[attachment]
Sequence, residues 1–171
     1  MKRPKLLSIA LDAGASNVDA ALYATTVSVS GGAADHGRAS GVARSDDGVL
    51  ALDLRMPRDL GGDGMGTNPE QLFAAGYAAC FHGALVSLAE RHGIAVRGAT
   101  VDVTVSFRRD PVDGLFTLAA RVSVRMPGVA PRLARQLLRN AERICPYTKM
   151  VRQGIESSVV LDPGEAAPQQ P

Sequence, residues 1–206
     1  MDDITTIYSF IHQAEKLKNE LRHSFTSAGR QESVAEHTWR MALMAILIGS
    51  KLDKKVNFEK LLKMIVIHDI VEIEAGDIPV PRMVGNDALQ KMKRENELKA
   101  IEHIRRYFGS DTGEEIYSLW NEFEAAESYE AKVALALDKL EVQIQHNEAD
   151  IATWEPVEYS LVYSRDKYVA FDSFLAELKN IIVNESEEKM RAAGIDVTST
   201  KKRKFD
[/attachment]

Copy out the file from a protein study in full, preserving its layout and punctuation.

Sequence, residues 1–171
     1  MKRPKLLSIA LDAGASNVDA ALYATTVSVS GGAADHGRAS GVARSDDGVL
    51  ALDLRMPRDL GGDGMGTNPE QLFAAGYAAC FHGALVSLAE RHGIAVRGAT
   101  VDVTVSFRRD PVDGLFTLAA RVSVRMPGVA PRLARQLLRN AERICPYTKM
   151  VRQGIESSVV LDPGEAAPQQ P

Sequence, residues 1–206
     1  MDDITTIYSF IHQAEKLKNE LRHSFTSAGR QESVAEHTWR MALMAILIGS
    51  KLDKKVNFEK LLKMIVIHDI VEIEAGDIPV PRMVGNDALQ KMKRENELKA
   101  IEHIRRYFGS DTGEEIYSLW NEFEAAESYE AKVALALDKL EVQIQHNEAD
   151  IATWEPVEYS LVYSRDKYVA FDSFLAELKN IIVNESEEKM RAAGIDVTST
   201  KKRKFD